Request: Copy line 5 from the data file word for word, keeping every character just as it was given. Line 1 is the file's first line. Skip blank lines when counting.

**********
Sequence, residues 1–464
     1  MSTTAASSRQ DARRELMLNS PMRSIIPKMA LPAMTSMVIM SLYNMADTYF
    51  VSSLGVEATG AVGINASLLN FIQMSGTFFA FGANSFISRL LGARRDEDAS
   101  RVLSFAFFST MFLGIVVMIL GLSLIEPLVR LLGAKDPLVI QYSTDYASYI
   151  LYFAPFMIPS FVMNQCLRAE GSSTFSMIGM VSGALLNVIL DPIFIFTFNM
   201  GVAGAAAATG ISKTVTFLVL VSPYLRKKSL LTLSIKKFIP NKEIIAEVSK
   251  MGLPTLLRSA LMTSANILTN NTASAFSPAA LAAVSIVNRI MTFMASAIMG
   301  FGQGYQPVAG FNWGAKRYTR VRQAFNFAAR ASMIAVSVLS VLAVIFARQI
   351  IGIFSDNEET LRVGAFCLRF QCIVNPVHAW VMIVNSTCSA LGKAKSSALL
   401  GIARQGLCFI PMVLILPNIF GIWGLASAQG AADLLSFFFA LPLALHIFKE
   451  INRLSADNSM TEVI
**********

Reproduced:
   151  LYFAPFMIPS FVMNQCLRAE GSSTFSMIGM VSGALLNVIL DPIFIFTFNM